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Degenerative reitnal disease

Degenerative retinal diseases are caused by genetic mutations (ex., retinitis pigmentosa) or pathophysiological damages (ex., AMD and glaucoma) to the retina. Unfortunately, human retinas do not regenerate, therefore visual loss caused by the diseases remains permanent, although current therapeutic approaches could delay the disease progression.
- Retinitis pigmentosa (RP)

Retinitis pigmentosa is a hereditary retinal degenerative disease. It affects people of all ages, from those who experience vision loss after birth to those who develop symptoms after middle age. Early symptoms include night blindness and decreased peripheral vision, gradually affecting the entire retina, and most people eventually lose most of their vision.

- Age-related macular degeneration (AMD)

Age-related macular degeneration (AMD) is known to be the leading cause of vision loss in old age. As it is caused by degeneration of the macula, located in the center of the retina, central vision is initially blurred and then peripheral vision is gradually lost. It is divided into wet AMD, in which angiogenesis is observed in the macula, and dry-AMD, in which only macular drusen is observed, and dry-AMD accounts for more than 85% of patients. In most patients, dry-AMD eventually develops into wet AMD. In the case of wet AMD, neutralizing antibody therapy against angiogenesis factor (VEGF) is effective, but there is no effective treatment for dry AMD.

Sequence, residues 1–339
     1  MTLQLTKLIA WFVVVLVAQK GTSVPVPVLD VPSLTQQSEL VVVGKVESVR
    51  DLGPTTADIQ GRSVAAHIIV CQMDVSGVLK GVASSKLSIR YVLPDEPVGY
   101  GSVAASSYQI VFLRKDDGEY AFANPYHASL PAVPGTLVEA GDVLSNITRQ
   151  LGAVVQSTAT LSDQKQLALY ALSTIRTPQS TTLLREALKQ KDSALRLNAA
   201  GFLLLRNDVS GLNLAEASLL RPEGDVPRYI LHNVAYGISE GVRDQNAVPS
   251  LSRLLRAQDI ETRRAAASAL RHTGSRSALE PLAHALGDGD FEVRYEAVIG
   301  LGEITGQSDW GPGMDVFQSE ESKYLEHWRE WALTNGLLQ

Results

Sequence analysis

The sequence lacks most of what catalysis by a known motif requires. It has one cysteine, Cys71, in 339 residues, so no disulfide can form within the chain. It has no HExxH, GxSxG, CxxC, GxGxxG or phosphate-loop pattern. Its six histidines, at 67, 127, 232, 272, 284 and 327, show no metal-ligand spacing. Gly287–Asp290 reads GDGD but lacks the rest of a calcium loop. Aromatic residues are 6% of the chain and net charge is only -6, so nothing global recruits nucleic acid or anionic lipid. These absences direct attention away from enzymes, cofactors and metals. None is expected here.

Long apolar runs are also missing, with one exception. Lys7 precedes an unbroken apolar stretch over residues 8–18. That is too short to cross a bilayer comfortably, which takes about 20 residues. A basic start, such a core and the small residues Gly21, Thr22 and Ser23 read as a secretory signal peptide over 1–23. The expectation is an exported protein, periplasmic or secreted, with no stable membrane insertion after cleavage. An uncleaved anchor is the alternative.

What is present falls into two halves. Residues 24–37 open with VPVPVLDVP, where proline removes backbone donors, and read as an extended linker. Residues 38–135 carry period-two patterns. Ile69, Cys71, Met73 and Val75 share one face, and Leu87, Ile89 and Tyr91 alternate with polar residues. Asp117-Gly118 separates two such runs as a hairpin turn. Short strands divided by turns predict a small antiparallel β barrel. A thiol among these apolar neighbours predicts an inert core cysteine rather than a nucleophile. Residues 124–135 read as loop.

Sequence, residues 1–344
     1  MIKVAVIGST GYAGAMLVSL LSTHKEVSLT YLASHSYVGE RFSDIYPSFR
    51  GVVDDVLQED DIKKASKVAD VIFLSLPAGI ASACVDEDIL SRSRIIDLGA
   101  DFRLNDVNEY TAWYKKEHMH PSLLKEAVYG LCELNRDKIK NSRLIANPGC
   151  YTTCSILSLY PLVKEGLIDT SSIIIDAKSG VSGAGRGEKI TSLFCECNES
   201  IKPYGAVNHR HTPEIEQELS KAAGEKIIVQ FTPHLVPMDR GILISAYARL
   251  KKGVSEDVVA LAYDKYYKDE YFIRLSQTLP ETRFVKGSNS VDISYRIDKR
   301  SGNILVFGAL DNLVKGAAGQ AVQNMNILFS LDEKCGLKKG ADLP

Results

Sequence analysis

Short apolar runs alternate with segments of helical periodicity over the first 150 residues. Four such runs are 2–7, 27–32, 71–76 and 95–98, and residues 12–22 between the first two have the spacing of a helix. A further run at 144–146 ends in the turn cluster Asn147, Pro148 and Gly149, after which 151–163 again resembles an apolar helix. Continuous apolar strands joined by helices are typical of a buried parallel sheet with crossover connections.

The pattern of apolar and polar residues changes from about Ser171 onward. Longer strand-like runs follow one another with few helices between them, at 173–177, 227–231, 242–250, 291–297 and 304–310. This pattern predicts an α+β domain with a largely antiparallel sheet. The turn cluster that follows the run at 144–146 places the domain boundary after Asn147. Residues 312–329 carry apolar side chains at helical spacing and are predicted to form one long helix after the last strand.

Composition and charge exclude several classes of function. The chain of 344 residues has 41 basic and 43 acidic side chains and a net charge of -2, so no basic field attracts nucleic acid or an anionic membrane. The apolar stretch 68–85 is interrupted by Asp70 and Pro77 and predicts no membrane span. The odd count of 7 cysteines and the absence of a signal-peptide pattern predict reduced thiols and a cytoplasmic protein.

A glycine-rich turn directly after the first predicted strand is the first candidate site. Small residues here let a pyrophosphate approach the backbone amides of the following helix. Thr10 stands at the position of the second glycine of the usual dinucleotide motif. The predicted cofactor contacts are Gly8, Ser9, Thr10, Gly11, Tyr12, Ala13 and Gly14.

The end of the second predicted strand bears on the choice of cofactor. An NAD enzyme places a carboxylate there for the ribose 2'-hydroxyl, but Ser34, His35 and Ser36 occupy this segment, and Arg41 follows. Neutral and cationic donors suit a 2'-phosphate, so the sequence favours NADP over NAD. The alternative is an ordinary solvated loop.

- Glaucoma

Glaucoma is a disease in which the optic nerve, which connects the eye and the brain, is degenerated, and is closely related to the increase in pressure in the eye (intraocular pressure). Continued use of eye drops reducing intraocular pressure can delay the progression of the disease. However, there is no effective treatment for patients without increased intraocular pressure.

Retinal Regeneration
The retina of mammals, including humans, cannot be restored once damaged, but the retina of amphibians and fish mostly regenerates after damage. It is known that when the retina of fish is damaged, Müller glia cells regenerate new retinal cells by re-differentiating into neural stem cells. However, reprogramming of Müller glial cell is suppressed in human retina for some reason. We discovered PROX1, a protein that inhibits the reprogramming of Müller glia in the injured mammalian retina, and succeeded in restoring the retina regeneration function of Müller glia by removing this substance. We plan to apply it to retinal degenerative diseases to enable vision recovery through retinal regeneration.

Anti-PROX 1 Antibody (CLZ001)
CLZ001 can capture PROX1 in the extracellular space, where PROX1 moves to Müller glial cells to suppress retinal regeneration. Therefore, CLZ001 therapy can promote reprogramming of Müller glial cells to retinal progenitor/stem cells, consequently resume neuronal regeneration in mammalian retinas.

Homeodomain Protein (HP)
Intercellular transfer is a shared property of HPs, which are identified more than 200 in human. The HPs are known to regulate the growth, differentiation, and regeneration of tissues. The excess as well as the loss of HP cause tissue malformation and degeneration. Therefore, we can supply HPs externally or remove HPs by neutralizing antibodies to cure the diseases caused by HP mal-supplies.